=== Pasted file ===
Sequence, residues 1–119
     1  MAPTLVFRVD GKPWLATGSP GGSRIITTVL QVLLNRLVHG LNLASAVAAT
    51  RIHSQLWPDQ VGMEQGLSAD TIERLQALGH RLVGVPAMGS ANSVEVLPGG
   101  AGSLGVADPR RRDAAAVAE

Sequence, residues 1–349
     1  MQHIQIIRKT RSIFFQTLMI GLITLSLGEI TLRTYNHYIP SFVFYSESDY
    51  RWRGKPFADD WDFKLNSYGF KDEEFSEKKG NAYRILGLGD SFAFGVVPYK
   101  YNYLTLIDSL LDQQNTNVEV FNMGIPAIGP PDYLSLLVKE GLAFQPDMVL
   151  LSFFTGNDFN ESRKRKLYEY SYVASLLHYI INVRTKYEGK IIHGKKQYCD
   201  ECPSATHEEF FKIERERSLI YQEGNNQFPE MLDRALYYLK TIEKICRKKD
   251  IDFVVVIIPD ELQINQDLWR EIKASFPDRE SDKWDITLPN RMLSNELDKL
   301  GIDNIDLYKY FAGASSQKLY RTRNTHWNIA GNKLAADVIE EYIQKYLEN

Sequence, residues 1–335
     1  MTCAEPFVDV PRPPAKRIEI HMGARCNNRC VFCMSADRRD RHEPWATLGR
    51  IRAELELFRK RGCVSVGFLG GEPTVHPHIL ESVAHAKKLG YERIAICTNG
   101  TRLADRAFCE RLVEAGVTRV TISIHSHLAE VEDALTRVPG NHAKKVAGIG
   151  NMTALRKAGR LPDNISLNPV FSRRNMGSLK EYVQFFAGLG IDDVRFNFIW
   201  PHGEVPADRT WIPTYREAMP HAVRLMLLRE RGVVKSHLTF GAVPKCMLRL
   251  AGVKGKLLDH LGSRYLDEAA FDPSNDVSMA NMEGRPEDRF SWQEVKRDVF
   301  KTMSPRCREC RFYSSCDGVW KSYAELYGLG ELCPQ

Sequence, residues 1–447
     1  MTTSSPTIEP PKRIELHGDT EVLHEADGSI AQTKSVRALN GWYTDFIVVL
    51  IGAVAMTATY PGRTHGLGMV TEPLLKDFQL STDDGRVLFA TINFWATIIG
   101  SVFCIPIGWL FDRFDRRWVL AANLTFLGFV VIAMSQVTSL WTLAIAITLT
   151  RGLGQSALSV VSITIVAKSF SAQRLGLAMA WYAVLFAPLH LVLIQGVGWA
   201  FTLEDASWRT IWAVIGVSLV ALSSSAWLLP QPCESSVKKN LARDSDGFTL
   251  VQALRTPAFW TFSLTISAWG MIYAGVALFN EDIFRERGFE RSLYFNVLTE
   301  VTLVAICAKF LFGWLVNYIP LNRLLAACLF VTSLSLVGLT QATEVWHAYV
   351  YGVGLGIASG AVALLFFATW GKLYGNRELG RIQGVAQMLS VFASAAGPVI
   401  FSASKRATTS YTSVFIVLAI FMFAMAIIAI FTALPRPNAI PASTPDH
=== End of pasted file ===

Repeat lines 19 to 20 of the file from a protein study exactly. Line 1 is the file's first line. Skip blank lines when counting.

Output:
   251  AGVKGKLLDH LGSRYLDEAA FDPSNDVSMA NMEGRPEDRF SWQEVKRDVF
   301  KTMSPRCREC RFYSSCDGVW KSYAELYGLG ELCPQ